What to Expect From the BOJ’s Emergency Meeting on Friday

(Bloomberg) -- The Bank of Japan is widely expected to leave its main stimulus measures unchanged at an emergency meeting Friday as funding for struggling businesses takes center stage in its discussions.

The BOJ board will meet from 9 a.m. in Tokyo to finalize details of a program to support small companies suffering from the impact of the coronavirus after Governor Haruhiko Kuroda instructed his staff to put a plan together last month.

The program is expected to differ from the direct assistance for firms offered by the Federal Reserve through its Main Street Lending Program and will instead funnel money to companies via commercial banks and other financial institutions.

What to Expect From the BOJ’s Emergency Meeting on Friday

While data are now confirming that Japan is in recession, with economic activity and exports plunging, markets have stabilized and the government has lifted a state of emergency from most parts of the country outside Tokyo. For now, the BOJ’s main concern is helping companies stay afloat.

The policy statement could come well before the usual time around noon if the board sees no need for a deeper re-examination of the state of financial markets and the economy. Kuroda may not even hold a press conference if the funding program is the only key matter on the agenda.

That’s why BOJ watchers have warned not to build expectations that this emergency meeting will pack the aggressive policy punch of recent unscheduled gatherings by the Fed and European Central Bank.

“This is not a surprising event,” Masamichi Adachi, chief Japan economist at UBS Securities, wrote in a note. The new lending program “would be another credit easing measure to counter the damage from COVID-19 on top of the existing operations.”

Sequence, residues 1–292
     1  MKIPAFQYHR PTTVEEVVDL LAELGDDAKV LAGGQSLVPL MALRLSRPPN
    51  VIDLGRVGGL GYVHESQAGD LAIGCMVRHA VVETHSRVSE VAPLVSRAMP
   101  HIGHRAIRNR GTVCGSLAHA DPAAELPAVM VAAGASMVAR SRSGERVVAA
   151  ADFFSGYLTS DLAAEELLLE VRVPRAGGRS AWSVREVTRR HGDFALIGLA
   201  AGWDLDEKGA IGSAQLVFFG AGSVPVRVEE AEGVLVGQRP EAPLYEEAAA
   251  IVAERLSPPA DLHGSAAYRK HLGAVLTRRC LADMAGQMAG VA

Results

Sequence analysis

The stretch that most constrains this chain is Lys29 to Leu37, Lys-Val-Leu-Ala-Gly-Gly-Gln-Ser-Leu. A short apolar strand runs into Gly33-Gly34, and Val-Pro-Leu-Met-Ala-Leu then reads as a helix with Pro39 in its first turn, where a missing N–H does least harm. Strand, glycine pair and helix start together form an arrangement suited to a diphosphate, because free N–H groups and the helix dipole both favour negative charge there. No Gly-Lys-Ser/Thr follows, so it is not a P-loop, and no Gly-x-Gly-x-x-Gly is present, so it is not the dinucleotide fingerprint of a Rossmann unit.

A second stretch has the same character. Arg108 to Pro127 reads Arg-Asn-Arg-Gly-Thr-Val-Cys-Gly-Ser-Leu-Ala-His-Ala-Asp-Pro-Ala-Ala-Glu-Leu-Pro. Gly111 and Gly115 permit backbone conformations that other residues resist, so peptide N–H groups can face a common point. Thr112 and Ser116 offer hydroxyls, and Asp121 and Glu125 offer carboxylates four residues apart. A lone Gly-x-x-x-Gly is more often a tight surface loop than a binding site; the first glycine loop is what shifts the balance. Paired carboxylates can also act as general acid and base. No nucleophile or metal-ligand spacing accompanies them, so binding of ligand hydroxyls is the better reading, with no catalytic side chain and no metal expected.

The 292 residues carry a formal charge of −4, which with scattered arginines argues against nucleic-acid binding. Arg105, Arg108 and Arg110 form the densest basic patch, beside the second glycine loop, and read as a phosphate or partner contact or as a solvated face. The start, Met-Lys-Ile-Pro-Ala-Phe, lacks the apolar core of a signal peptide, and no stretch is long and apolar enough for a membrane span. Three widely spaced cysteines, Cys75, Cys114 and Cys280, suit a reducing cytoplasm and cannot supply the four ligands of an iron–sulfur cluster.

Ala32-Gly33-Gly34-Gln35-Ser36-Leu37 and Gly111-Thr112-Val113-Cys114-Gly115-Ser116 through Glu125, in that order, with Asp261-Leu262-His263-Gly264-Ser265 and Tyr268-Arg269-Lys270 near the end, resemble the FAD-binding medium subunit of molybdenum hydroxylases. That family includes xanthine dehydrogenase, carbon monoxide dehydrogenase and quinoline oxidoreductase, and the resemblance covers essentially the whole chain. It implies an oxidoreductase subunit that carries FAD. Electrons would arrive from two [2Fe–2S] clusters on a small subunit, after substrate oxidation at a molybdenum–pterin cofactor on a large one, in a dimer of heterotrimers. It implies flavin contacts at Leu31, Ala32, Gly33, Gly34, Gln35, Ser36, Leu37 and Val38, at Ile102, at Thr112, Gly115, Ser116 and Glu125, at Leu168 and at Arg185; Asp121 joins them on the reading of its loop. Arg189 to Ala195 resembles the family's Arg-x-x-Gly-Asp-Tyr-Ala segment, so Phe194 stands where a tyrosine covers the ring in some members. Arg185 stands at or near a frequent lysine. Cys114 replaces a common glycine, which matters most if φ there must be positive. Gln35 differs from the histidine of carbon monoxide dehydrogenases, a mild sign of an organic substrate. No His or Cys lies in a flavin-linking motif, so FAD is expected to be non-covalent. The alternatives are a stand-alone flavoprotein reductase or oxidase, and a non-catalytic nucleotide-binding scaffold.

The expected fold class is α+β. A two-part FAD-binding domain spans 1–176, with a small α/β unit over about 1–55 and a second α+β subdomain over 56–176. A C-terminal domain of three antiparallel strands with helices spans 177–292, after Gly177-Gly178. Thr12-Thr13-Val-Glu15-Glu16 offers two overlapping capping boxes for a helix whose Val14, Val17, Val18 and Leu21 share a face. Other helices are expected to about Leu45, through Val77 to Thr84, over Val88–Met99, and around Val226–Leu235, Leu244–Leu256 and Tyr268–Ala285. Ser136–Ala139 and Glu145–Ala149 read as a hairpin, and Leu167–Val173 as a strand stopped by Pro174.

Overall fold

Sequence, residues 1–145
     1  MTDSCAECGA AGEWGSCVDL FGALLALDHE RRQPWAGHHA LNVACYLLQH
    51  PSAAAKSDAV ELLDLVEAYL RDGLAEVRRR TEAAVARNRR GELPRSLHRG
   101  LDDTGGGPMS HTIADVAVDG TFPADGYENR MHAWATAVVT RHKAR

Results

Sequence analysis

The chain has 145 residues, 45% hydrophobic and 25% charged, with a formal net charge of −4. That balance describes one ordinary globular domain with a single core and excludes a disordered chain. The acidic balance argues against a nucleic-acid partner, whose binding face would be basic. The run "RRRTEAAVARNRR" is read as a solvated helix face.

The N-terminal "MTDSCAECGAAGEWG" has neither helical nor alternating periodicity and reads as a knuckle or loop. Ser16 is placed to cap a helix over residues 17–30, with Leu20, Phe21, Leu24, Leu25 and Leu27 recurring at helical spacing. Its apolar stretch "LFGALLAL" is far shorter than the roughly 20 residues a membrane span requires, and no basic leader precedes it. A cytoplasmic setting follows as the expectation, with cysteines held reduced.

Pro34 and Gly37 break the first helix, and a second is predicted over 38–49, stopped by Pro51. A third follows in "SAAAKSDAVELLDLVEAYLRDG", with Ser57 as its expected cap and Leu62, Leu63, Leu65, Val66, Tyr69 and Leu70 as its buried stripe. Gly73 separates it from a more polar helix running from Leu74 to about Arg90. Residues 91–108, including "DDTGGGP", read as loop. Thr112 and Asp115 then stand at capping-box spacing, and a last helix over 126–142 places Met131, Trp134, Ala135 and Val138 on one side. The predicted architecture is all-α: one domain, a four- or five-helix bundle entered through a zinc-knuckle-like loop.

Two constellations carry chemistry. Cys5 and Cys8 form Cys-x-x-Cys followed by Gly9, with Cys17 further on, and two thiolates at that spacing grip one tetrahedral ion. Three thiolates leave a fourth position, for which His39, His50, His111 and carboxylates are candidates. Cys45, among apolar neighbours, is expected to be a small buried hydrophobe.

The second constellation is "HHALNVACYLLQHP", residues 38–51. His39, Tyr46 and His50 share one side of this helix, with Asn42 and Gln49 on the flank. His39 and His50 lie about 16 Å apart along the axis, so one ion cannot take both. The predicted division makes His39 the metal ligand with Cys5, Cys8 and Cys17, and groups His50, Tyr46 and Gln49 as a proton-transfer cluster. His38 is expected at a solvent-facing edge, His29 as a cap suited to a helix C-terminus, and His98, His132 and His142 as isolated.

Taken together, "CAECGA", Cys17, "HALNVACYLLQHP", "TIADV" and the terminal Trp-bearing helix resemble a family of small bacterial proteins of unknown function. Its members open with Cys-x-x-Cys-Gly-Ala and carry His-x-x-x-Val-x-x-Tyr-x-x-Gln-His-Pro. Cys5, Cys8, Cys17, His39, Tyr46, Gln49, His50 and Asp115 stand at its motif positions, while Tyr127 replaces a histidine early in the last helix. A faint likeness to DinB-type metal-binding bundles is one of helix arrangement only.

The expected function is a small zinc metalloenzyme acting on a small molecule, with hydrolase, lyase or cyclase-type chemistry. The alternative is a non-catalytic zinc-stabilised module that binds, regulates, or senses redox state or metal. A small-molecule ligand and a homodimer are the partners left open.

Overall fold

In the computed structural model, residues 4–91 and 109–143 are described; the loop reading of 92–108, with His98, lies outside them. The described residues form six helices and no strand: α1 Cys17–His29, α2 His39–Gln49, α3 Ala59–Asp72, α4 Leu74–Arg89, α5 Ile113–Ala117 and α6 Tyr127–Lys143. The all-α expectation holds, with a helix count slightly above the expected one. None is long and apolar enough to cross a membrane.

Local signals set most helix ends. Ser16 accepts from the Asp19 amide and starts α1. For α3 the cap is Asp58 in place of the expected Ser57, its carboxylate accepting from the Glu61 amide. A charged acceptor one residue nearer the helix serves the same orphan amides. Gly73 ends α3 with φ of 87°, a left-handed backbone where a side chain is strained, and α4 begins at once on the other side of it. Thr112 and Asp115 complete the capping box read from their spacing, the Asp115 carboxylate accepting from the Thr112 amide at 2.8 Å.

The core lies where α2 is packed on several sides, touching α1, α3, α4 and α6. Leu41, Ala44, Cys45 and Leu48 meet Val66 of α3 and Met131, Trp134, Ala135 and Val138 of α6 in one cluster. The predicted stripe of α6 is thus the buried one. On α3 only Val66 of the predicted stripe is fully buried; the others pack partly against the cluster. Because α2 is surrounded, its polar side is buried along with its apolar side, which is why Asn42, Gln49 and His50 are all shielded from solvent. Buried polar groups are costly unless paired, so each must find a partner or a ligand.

Still, no major policy action hardly means the BOJ is out of the woods. Official data out Friday morning are expected to show key nationwide prices falling for the first time since 2016, fueling concerns over the possible re-emergence of deflation.

What Bloomberg’s Economist Says

“The Bank of Japan has speed on its mind -- and that’s a good thing for companies suffering from dried-up cash flows and households hit hard in the economic downturn.”

Yuki Masujima, economist

Click here to read more.

What to look for

  • The BOJ has said its new program will provide banks with free loans, while paying them 0.1% interest on the amount they then use to lend out. Any additional incentive is likely to serve as a positive surprise.
  • Kuroda will send a strong hint that this meeting is only about the lending program if he doesn’t schedule a press conference afterwards.
  • After easing further at the past two meetings and relative calm in markets, few analysts see the need for immediate action.
  • Some analysts are watching if the board will discuss the latest inflation and gross domestic product data. If nothing is mentioned, that would indicate no change in the BOJ’s outlook after it dramatically cut its economic forecasts last month.
  • Still, with market expecting little action, it would be good timing for a positive surprise and could see the yen weaken against the dollar.

Policy Recap

  • The BOJ expects interest rates to remain at the current low level or even lower.
  • A rate of -0.1% on some reserves kept at the bank by financial institutions.
  • Yield target of about 0% for 10-year Japanese government bonds, with a trading range of about 0.2 percentage point on either side of the mark.
  • Will purchase Japanese government bonds as needed and without a limit, though the amount of purchases remains secondary to controlling interest rates.
  • A guideline to increase holdings of exchange-traded funds with an upper limit of 12 trillion yen ($111.4 billion) a year. Actual purchases vary from month to month, depending on market conditions.
  • Active buying of corporate bonds and commercial paper with an expanded upper limit on holdings totaling 20 trillion yen.

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